The problems Steve Nash faces are even more obvious. Once the premier fast break and pick and roll point guard of the league, Nash now lacks the quickness to get by defenders or turn the corner coming off screens with a live dribble. Pressure defense bothers him because he’s not a threat to blow by an off-balance defender and get into the lane. His handles are still good. His shot is still pure. And he was never a speed demon. Logically it would seem like his game could survive getting slower, but that little bit of separation he used to get is narrower than ever. He can still bounce in a perfect pocket pass or whip a lefty behind the back no look to the corner, but his scoring threat is severely reduced, which in turn means those open passing lanes are harder to come by as the opposing defense reacts less and less to his attempts to drive and shoot.

The defense is going too. Kobe can still put in a very solid effort one on one, but his days of wreaking havoc on opposing team offensive schemes are gone (and have been for a few years really). Nash was never much of a defender. Even KG isn’t dominant defensively anymore. He’s still sound in his rotations. He’s still seven feet tall. But he doesn’t close out on shooters like he used to. He can’t switch and stay in front of a dribbling guard for multiple seconds to snuff out a possession. His show and recover and other help defense actions are all a step slow.

Shaquille O’Neal was the first superstar I saw go from hyper-talented but raw rookie to dominant superstar to faded legend. I missed the first stage of that arc with the Jordan / Barkley generation, and I missed the first two stages with Bird and Magic. But the KG / Kobe era is close to me because I’m the same age as those players. To me they still seem like they should be young bucks in the prime of their careers, but stardom in the realm of athletics doesn’t work that way. So it’s time to lower our expectations and just enjoy the good moments when they come up. I’m sure Nash has one more game in his bones where he controls the tempo, gets the defense on a string, and makes his teammates all look like stars. And Pierce will hit a game winner and shout to the stands. And Bryant will toss in 50 hard-fought points. It just won’t happen often, and it won’t be easy.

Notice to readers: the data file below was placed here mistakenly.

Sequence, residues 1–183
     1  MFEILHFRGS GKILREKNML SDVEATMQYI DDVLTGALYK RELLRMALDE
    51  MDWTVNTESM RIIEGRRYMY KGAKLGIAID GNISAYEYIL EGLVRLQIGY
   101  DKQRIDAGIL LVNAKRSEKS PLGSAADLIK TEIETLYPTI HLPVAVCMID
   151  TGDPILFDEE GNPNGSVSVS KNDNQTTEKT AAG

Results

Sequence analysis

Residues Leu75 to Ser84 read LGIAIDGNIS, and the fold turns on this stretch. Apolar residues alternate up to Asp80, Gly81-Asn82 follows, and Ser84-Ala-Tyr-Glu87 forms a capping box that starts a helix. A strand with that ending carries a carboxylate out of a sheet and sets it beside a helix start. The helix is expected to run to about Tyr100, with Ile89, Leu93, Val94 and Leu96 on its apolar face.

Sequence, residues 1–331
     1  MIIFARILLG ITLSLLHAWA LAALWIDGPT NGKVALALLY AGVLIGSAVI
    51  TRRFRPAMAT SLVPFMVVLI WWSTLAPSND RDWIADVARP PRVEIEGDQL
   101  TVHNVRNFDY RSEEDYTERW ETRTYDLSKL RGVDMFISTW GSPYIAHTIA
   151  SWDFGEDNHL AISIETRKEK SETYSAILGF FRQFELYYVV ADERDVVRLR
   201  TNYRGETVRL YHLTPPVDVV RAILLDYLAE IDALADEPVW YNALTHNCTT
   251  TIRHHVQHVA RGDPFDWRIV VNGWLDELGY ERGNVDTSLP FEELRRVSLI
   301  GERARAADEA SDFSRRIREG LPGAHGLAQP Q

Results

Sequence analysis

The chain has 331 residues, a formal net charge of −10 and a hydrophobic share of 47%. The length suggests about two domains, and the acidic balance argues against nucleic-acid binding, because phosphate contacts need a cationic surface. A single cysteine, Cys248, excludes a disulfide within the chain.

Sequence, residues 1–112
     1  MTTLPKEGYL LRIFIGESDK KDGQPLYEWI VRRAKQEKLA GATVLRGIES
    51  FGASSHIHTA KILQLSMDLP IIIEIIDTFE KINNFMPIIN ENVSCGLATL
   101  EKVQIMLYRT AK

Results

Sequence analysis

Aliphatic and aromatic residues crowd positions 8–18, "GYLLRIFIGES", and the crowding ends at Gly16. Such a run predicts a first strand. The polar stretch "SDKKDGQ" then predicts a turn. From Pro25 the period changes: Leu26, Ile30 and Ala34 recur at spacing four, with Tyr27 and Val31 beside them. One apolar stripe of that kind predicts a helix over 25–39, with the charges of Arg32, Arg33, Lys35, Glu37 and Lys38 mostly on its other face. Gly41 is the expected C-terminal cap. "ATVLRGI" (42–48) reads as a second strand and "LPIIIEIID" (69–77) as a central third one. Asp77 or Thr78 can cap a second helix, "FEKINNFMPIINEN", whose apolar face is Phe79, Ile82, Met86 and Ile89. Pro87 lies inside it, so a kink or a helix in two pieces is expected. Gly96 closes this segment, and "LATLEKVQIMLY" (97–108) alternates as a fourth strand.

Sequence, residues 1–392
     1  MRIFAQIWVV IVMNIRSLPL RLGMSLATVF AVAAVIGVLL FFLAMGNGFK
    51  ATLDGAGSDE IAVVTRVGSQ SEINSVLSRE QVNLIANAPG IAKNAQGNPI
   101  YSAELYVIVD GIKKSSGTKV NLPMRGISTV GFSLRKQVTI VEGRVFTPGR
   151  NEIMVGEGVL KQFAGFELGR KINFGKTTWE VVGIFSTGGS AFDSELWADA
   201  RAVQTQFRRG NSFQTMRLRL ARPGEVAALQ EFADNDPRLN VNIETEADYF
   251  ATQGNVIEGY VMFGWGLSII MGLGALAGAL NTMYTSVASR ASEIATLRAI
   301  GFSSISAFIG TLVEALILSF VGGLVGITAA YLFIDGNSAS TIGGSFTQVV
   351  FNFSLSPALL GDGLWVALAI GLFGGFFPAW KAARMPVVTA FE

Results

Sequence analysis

Neil Young told us that it’s better to burn out than fade away. MJ and Kobe have taught us that even when your athletic flame has burnt out, you can still hit a fade away. Thank god that highlights are forever young.

Chris Bosh – Honesty is the best policy

September 29, 2014 by

Chris Bosh has always been an open and entertaining interview, but more than anything I love how candid and honest his responses are. Case in point, in an interview with Joseph Goodman of the Miami Herald, Bosh responds to a question about the team’s championship aspirations:

“Right now it’s easy,” Bosh said Sunday. “Everybody is supposed to win a championship, everybody wants to win a championship right now, everybody is undefeated, but when those back-to-backs come and those long road trips come, it’s going to be a big-time challenge.

“And especially those nights when you’re going to have to put the extra effort for the team and to lead them in a certain way that I wasn’t doing before. It’s going to be hard.”

And when asked about the whether he gave great defensive effort with the Raptors as compared to with the Heat:
“I thought I was, but I wasn’t.”
And finally in response to a question about his effort output with the increased minutes he expects to play in the absence of LeBron James: